Mexico – June 2007
I’m in Mexico to explore Barrancas del Cobre, or Copper Canyon, a group of six distinct canyons in the southwestern part of the state of Chihuahua that is four times larger than the Grand Canyon. I’ve joined a tour by train that’s already taken us from Creel to El Fuerte and, this early morning, from El Fuerte to Barrancas, just south of Creel. We arrive at our hotel in the afternoon, which is poised at the canyon’s edge near the highest point of the canyon.
From the striking view afforded from the hotel’s terrace, I notice a circular structure off to the south, which becomes the focus of a hike. I’m not exactly sure how to get there but a brief exploration behind the hotel finds what turns out to be the beginning of a trail. As I start to head out, I realize that I am alone and have told no one where I am going. I am also traversing along the edge of the canyon at an elevation of around 8,000 feet and left my hiking boots at home, so I’m attempting it with sneakers.
The hike is going well till I come across a short ladder made of weathered wood missing its bottom rung that is the only way up a tall boulder. I have long legs, so it’s not a problem overcoming the missing step. I continue on along the boulders and narrow path till I come across a broken bridge, the first few feet of which are missing. This poses more of a dilemma. Should I turn around? Should I try to find another way across? Never being one to let obstacles get in my way, I decided to jump and continue on.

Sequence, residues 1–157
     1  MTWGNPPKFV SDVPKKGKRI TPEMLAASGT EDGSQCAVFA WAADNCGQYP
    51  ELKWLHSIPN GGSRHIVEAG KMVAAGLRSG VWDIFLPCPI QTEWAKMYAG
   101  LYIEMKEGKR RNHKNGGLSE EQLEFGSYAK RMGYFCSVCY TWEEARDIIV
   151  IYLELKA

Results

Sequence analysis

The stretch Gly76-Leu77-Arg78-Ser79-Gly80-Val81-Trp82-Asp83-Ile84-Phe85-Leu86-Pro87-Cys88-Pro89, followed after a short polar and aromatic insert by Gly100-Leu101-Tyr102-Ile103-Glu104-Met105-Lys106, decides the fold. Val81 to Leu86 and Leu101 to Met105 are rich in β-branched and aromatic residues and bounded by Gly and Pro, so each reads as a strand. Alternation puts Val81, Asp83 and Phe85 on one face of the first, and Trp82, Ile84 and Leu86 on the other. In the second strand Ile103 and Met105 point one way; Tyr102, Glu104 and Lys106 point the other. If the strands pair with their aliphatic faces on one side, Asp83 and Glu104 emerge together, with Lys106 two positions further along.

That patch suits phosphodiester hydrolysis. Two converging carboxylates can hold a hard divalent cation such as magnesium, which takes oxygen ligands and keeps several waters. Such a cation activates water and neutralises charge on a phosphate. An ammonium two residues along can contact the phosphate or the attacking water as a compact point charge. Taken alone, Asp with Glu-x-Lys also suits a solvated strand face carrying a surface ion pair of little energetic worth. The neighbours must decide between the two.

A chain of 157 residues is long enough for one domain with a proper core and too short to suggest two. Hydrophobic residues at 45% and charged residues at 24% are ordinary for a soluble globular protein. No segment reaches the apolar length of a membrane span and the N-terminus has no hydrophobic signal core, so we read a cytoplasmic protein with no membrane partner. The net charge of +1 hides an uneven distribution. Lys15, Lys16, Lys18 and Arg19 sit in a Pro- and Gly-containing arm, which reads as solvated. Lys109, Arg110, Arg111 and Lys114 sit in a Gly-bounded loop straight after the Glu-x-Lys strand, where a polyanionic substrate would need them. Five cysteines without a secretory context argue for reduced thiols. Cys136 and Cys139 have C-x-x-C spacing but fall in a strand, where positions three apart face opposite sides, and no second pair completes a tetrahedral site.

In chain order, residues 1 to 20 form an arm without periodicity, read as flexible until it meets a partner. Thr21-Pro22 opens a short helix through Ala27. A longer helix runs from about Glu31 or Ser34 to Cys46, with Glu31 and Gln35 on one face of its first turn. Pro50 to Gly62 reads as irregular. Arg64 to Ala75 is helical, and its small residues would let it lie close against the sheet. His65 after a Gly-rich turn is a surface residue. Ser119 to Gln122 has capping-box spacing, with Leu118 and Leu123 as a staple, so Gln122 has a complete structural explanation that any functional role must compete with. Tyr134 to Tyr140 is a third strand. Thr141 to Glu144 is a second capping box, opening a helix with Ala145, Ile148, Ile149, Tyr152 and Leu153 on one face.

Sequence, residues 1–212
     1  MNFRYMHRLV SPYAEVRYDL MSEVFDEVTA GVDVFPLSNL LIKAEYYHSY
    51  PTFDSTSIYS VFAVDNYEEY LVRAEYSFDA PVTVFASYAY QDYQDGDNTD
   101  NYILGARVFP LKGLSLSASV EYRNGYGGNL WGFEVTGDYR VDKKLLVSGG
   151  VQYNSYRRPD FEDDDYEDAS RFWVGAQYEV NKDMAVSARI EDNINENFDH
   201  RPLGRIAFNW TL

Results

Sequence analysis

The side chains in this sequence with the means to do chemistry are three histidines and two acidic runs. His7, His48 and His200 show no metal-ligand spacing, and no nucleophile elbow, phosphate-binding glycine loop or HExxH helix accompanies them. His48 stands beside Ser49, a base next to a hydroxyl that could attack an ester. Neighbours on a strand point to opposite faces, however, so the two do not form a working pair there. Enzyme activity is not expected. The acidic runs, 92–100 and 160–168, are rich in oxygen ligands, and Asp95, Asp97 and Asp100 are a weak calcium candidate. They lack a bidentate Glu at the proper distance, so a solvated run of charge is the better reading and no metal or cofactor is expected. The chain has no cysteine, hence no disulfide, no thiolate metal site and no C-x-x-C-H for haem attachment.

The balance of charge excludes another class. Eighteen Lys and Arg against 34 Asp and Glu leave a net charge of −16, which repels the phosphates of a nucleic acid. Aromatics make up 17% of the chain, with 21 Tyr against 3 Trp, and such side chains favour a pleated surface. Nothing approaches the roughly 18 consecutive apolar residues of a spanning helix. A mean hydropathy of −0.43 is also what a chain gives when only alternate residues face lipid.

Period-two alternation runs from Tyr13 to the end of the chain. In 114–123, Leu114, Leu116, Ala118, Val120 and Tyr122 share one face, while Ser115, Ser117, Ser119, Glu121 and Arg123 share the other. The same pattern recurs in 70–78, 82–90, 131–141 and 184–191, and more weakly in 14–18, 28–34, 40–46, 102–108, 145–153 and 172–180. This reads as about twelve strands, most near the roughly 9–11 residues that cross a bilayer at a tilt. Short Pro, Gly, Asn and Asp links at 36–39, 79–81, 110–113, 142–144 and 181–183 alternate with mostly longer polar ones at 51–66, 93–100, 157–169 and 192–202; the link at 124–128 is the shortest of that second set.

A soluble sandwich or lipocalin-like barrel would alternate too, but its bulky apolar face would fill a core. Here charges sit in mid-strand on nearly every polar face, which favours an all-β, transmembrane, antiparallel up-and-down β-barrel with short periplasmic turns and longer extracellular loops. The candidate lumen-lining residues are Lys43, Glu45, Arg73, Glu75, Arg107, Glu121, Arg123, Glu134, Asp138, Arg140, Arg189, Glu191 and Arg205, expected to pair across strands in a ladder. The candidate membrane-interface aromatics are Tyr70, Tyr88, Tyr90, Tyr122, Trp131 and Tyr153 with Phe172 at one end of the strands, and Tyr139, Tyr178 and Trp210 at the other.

My goal now in sight, I come across my final obstacle: a narrow wooden pole with notches cut into it acting as a ladder up to the structure I’m aiming to reach. It again comes to mind that I am alone and have told no one where I have gone and am only one slip from a very long fall. But I’ve come too far to stop now. I slowly ascend it to the circular structure, though still have no idea what it is. It does offer some stunning views of the canyon, so I get in some photos.
It starts to gently rain, so I quickly return back to the hotel. Rain now subsided, I head back to the terrace for a drink only to find that several of my group had been following my hike with the binoculars they’d brought for birding. “We really didn’t think you’d jump,” they tell me as I’m offered a few drinks. I like to think the locals tell stories of “el gringo loco” who overcame three obstacles to reach his destination, though the hotel staff probably just warn others not to attempt what this crazy gringo did.
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